The Almoravids (1090-1147)
1039: The Almoravid leader Abdallah bni Yasin declares holy war against the Sanhaja Berbers.
1054: The Almoravids start their conquest of Maghreb.
1062: The Almoravids establish their capital in Marrakech (today's Morocco).
|1082: The Almoravids take control over Algiers.|
1085: The Almoravid leader Yusuf bni Tashufin sets over to Spain, and establishes himself in Cordoba.
1102: Valencia falls to the Almoravids
1147: Marrakech falls to the Almohads, and the Almoravid leaders move to first Spain and then the Balearic Isles.
|The Almoravids were a group of Muslims, originating in southern Mauritania/ Northern Senegal of mixed Berber and Fulani people that built an empire in Maghreb and Spain in the 11th and 12th centuries. Their Muslim orientation was one of simple and basic rules. Their theological foundation had been formed by Ahdallah Abdallah bni Yasin.The Almoravids were based on military commanders who also were administrators, called themselves jurists (fuqaha). Their theology was based on a strict Malikite version of Sharia (Islamic law).Architecture from the Almoravid period is characterized by simplicity, and with little decoration.|
|At about 800 CE, the Kanuri people of the Lake Chad region, under the leadership of their legendary king Dugu, formed the beginnings of the trading empire of Kanem, and later Bornu. At about 1085, with the influence of Islam having entered the region some time before, the first Muslim ruler, Houme of the Sefawa dynasty, came to the throne. And, under Mai (king) Salma (1194-1221) Islam became the state religion. Under the reign of Idris Alooma (1580-1603), the now merged Empire of Bornu-Kanem regained much of its influence with its borders encompassing Murzuk to the north and Darfar in the east. In the 1800's the Kanuri were faced with invasion from the Fulani armies that had already conquered Hausaland. |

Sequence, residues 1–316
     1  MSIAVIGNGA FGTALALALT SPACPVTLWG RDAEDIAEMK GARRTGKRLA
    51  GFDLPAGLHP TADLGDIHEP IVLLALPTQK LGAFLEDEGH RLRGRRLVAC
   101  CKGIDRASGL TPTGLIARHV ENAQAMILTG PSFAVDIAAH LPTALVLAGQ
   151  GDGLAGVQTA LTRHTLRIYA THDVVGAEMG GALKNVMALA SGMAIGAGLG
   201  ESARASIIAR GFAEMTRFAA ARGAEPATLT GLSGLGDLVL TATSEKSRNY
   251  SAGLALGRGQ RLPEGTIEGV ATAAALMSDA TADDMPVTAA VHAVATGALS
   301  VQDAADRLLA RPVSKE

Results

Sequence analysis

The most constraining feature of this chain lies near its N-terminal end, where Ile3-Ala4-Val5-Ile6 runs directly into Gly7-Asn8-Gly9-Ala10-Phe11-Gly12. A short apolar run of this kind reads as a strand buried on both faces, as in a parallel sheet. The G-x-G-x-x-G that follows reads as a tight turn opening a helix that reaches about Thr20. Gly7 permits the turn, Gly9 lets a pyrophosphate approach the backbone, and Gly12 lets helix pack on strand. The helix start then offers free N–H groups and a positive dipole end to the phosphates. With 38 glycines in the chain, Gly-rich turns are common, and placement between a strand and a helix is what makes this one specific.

|In the early thirteenth century, the exiled prince Sundiata Keita ("the hungering lion") led a Mande revolt against the powerful Soso king Sumanguru Kante that marked the ascension of the Mali empire. After Sundiata, the most famous ruler of the Mali empire is Mansa Kankan Musa I, who came to power several decades after the death of his legendary predecessor. Musa's hajj (pilgrimage to Mecca) of 1324-25 drew the attention of both the Islamic world and Europeans. Accompanied by an enormous entourage, Musa apparently dispensed so much gold in Cairo that the
|precious metal's value plummeted and did not recover for several years thereafter. The image of Mansa Musa bearing nuggets of gold was subsequently commemorated in maps of the African continent.The fourteenth-century traveler Ibn Battuta visited ancient Mali a few decades after Musa's death. north and Darfar in the east. In the 1800's, the Kanuri were faced with invasion from the Fulani armies that had already conquered Hausaland. |